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Flashback 2016: Why school climate is vital to school quality

Students in hallway

This week, we’re looking back at the stories that resonated the most with you in 2016. This story was first published in October.

I’m a researcher by training. So, I look closely at what data tells me before jumping to conclusions.

One area that I have been keenly interested in of late (given the passage of the federal Every Student Succeeds Act and the introduction of non-academic indicators as a measure of success) is the link between school climate and student learning.

When classrooms are open and inviting, students tend to engage better and more completely with schoolwork. When parents are invited into classroom conversations and expected to be involved in the learning process, support for schools and for teachers tends to increase.

To understand the link between school climate and student learning, school leaders have to understand how these relationships work in context.

In a recent webinar, “Making feedback matter: How school climate affects school quality,” I teamed up with Dr. Jim Angelo, assistant superintendent for instruction at Frederick County Public Schools (FCPS) in Virginia, to uncover best practices for improving school climate.

As part of that conversation, I outlined three “must-dos” to make school climate surveys work for you.

  1. Align your climate survey work with your district’s goals.
  2. Apply feedback in the context of existing efforts, such as your existing strategic plan.
  3. Create a roadmap or a blueprint to turn climate feedback into action in your school or district.

Dr. Angelo and I had a lot to talk about. If you’re considering conducting a school climate survey this year and want some ideas about how and why to do that, download a full recording of our conversation here.

Prefer the Cliff Notes version instead? Below is a quick summary of a question-and-answer session we held with attendees.

Q: There are five school climate dimensions in most climate surveys—academic support, student support, school leadership, parent involvement and safety and behavior. Are these dimensions always the same? Are there others? How do I know which ones to focus on?

Dr. Knobloch: For benchmarking and school climate surveys, we develop our instrument based on the research. So the five dimensions—academic support, student support, school leadership, parent involvement, safety and behavior—are ones where parents, students, and teachers can give feedback. And then that data becomes the core of the survey.

In some instances, we customize the benchmark study and add dimensions. One that jumps out to me is this idea of faculty relations and congeniality. So, the environment in which the staff are working is another dimension. But, of course, student and parents wouldn’t have feedback on it.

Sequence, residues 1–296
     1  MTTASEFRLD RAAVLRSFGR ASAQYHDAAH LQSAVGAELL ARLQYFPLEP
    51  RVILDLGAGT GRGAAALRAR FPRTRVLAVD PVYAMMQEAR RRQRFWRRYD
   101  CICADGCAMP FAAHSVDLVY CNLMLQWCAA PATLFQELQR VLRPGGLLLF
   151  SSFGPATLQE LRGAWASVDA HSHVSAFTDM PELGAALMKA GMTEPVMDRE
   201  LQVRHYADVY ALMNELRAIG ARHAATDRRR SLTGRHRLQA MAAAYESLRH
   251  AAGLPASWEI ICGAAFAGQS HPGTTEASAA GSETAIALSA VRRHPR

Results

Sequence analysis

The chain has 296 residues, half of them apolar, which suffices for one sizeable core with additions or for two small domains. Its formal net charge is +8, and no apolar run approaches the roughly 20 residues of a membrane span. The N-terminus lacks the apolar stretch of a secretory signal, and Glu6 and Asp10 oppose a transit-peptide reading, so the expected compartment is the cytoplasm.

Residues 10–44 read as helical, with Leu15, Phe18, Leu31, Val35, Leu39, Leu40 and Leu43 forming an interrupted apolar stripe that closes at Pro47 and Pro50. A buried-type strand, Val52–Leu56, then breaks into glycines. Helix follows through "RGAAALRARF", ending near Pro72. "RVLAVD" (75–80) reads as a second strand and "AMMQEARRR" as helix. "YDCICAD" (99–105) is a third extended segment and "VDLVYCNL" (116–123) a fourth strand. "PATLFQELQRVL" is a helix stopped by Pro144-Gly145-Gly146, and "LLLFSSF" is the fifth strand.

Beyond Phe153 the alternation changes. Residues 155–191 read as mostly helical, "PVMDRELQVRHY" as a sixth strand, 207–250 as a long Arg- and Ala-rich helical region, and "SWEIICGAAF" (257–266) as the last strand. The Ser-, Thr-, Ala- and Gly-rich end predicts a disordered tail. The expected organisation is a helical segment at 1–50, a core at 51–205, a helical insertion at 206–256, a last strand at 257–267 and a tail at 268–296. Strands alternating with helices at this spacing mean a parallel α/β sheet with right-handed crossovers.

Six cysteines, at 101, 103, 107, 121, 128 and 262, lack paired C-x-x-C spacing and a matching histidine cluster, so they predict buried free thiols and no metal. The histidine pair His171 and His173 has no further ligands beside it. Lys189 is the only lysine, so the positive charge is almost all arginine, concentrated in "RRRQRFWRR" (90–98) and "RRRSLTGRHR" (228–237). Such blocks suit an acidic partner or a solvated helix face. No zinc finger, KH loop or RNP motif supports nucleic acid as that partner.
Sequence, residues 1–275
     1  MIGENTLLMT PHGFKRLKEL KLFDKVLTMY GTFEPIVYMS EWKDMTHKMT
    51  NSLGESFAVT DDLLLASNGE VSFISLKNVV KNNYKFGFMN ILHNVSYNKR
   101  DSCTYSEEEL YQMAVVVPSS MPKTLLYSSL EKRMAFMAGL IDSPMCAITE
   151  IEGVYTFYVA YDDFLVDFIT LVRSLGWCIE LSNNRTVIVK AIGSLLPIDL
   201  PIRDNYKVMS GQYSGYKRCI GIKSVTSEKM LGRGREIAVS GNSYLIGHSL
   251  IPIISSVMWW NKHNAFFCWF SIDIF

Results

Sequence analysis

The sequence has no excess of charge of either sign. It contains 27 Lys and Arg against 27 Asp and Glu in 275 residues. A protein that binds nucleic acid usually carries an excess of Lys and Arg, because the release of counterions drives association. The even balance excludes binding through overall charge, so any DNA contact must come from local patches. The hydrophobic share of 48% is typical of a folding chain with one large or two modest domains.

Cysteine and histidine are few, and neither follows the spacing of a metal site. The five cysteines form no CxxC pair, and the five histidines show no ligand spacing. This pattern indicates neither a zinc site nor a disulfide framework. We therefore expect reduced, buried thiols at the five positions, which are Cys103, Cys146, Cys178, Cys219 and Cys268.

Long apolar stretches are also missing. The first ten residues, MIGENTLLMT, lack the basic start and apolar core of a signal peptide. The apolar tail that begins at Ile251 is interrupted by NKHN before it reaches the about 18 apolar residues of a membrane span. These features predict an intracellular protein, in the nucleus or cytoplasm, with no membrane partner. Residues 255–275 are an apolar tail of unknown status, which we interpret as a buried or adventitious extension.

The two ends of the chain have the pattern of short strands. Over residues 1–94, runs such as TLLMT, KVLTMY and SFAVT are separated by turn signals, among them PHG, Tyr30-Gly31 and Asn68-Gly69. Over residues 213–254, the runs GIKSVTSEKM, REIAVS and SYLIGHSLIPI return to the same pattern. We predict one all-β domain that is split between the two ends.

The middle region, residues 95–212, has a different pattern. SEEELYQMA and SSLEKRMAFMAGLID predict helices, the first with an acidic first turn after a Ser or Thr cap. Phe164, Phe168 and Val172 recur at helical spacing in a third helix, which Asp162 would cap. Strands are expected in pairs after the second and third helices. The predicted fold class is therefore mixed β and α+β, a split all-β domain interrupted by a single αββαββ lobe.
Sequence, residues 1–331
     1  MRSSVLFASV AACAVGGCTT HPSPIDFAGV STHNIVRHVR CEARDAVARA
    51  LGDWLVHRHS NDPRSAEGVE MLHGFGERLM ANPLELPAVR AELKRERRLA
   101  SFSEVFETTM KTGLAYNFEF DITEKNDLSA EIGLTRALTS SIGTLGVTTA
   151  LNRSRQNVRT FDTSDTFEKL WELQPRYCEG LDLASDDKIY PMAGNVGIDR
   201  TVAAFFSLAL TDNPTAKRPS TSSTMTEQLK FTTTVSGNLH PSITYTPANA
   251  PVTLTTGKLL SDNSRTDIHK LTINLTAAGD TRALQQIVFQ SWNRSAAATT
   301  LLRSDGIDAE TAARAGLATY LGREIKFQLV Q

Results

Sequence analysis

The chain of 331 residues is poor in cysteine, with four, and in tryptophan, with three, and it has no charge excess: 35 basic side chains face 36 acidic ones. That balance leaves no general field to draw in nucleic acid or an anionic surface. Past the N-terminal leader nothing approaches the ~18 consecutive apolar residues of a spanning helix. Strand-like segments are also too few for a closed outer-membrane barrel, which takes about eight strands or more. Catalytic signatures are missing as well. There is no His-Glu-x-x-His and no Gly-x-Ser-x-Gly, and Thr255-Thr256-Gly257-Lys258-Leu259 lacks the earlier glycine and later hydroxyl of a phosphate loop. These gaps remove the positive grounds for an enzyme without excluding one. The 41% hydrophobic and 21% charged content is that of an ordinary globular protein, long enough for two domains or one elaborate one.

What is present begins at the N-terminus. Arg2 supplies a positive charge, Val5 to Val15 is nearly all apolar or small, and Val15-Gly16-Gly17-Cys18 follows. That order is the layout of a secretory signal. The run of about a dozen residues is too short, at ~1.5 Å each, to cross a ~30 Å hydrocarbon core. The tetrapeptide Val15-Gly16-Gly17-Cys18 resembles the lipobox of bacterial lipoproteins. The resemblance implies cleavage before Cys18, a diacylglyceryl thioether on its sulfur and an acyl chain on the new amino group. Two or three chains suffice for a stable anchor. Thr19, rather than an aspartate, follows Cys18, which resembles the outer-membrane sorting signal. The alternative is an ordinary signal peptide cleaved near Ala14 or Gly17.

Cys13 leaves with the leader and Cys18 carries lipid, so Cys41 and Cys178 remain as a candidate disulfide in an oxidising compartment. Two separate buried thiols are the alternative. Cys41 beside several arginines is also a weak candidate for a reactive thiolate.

Q: How can districts hold themselves accountable to identify what needs to be changed but also make sure they’re actually making the correct changes for their district?

Dr. Angelo: You have to hold yourself accountable. That’s part of being a learning organization and that’s part of moving forward and making improvements.

I think that because of the dimensions that are included in the survey, it makes it pretty easy to align with your work. You have to have those measures of success along the way. We certainly can’t wait two years to measure whether what we did made a difference. We’ll get that feedback from students, staff, and parents in the survey, but we have to do it more frequently than that.

We also certainly look at student data.

All of this data has to be taken in context. This was one piece of information, one piece of data, but we also have student achievement data, benchmark assessments, we have behavior data. If we see what we’re doing isn’t making a difference based on data, then we make changes.

It’s an ongoing process.

Q: Once your results tell you where you need to improve, how do you prioritize where to start making changes?

Dr. Angelo: You have to look at it from a few different perspectives.

You can look at it from the perspective of, “What’s the most critical area?” We received that information from our survey provider. They gave us the top three or four areas by participant. And then we looked at that and said “What are the commonalities?” And, we addressed it that way.

But I think you also have to look at it in context of the dimensions.

For example, improving student behavior without improving instruction is not as impactful on student learning.

You have to take it in context of one another, and not necessarily take the top two or three or four issues. But instead, take the top two or three or four factors across the dimensions that are going to have the greatest impact.

For more on how to leverage changes in school climate to improve the quality of instruction in your school or district, download our full presentation.

About the Author

Stephan Knobloch
Dr. Stephan Knobloch was formerly director of research for Loudoun County Public Schools. He is currently chief learning officer at K12 Insight.

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